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Australia’s first public hydrogen refuelling station opens in Canberra


The construction of the first public hydrogen refuelling station marks an important milestone for the fuel slated to be a critical element in our future transport infrastructure.

Australia’s first publicly accessible hydrogen refuelling station has been officially opened in Canberra marking a critical step forwards for the emerging technology.

The station owned by ActewAGL is the first of many hydrogen refuelling stations expected to open in Melbourne, NSW, South Australia, Western Australia, Queensland and Tasmania across the next few years.

Hyundai Nexo 2021 refuelling
Australia’s first public hydrogen refuelling station has been opened in Canberra

The opening coincided with the launch of Hyundai’s new Nexo midsize SUV which is the first hydrogen-powered car registered in the country after passing our stringent Australian Design Rule standards so it could officially go on sale.

The first 20 Nexos coming to Australia will be used by the ACT government as fleet vehicles with private buyers and businesses also able to order a Nexo on request.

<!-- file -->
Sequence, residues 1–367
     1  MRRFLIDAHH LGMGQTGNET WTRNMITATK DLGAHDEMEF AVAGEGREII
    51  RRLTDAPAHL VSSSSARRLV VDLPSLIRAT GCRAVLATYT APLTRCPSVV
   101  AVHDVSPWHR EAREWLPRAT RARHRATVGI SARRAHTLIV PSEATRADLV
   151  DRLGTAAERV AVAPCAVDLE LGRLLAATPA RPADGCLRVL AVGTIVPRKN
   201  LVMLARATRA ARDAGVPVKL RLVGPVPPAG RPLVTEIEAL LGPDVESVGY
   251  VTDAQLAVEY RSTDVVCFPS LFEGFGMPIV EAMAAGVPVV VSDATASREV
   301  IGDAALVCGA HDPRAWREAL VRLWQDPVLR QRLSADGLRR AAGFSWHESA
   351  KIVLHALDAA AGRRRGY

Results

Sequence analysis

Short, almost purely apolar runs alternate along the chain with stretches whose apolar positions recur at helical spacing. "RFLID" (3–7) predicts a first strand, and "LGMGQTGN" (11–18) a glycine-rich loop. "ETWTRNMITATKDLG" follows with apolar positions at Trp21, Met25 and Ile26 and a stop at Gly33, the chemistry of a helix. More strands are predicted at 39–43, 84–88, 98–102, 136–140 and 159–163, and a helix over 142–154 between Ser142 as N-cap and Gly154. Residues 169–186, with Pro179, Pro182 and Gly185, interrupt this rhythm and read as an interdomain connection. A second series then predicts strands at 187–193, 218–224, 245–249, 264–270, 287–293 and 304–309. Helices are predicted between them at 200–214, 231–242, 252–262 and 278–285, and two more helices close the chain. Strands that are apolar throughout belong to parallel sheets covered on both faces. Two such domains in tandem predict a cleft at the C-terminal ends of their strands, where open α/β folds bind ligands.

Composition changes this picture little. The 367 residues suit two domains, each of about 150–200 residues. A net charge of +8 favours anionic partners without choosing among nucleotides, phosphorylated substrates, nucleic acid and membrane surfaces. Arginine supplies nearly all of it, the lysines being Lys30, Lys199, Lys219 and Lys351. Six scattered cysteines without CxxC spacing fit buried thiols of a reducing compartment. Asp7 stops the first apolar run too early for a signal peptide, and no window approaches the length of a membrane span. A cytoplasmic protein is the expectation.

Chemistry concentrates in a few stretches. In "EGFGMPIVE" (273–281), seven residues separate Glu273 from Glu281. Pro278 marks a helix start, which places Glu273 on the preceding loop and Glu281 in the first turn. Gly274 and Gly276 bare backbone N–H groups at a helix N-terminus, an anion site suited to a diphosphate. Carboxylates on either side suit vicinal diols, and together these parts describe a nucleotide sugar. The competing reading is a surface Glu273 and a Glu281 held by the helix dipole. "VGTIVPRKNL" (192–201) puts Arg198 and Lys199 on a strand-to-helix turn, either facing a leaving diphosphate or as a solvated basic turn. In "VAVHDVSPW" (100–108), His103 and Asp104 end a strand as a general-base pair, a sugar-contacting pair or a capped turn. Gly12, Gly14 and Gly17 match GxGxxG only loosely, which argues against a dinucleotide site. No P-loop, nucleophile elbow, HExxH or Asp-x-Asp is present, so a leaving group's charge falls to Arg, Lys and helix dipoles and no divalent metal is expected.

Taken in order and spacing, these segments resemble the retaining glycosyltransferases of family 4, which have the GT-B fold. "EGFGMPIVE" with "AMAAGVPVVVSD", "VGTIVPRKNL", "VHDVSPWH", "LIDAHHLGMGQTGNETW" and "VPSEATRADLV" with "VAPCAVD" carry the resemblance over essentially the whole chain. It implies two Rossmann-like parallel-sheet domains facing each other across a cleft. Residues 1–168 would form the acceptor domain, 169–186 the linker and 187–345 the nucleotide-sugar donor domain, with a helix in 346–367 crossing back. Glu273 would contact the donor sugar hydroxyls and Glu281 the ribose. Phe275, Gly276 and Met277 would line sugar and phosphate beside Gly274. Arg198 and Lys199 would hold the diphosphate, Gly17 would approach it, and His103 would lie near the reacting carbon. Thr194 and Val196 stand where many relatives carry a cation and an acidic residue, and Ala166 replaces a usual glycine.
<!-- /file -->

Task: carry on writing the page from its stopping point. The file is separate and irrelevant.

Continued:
Hydrogen-fuelled electric cars have a key advantage over their battery-powered siblings with their ability to be refuelled in a matter of minutes as opposed to recharging an electric vehicle which can often take well over an hour to be fully topped up, even with a 350kW rapid charger.

Hyundai Nexo 2021 exhaust
Hydrogen vehicles produce the bi-product of pure air and water

Both technologies produce zero emissions at the tailpipe, with hydrogen used to generate electricity for the electric motor to use with a bi-product of purified air and water in the process. 

Scott Nargar, head of future mobility at Hyundai Motor Company Australia, previously told Chasing Cars commercial vehicles would rely on hydrogen in the future.

“Everything that is heavier and uses diesel today will more than likely use a fuel cell (hydrogen) in the future,” he said. 

Hyundai XCIENT FuelCell Truck
Hyundai plans to launched commercial vehicles using hydrogen fuel cell technology in the near future

Mr Nargar said hydrogen fuel is already being used for commercial vehicles in Europe, with Hyundai planning to roll out hydrogen-powered trucks to North America and China in the near future. 

Hydrogen fuel cell technology would not only negate the need to carry a large volume of heavy batteries to reach the required range but also the long charge times which could take well over an hour to charge – even with the class-leading 350kW charging speed.

In comparison, Mr Nargar said hydrogen-powered trucks could fill a 30-40 litre hydrogen tank in around 10-15 minutes, which could make a move away from diesel fuel possible.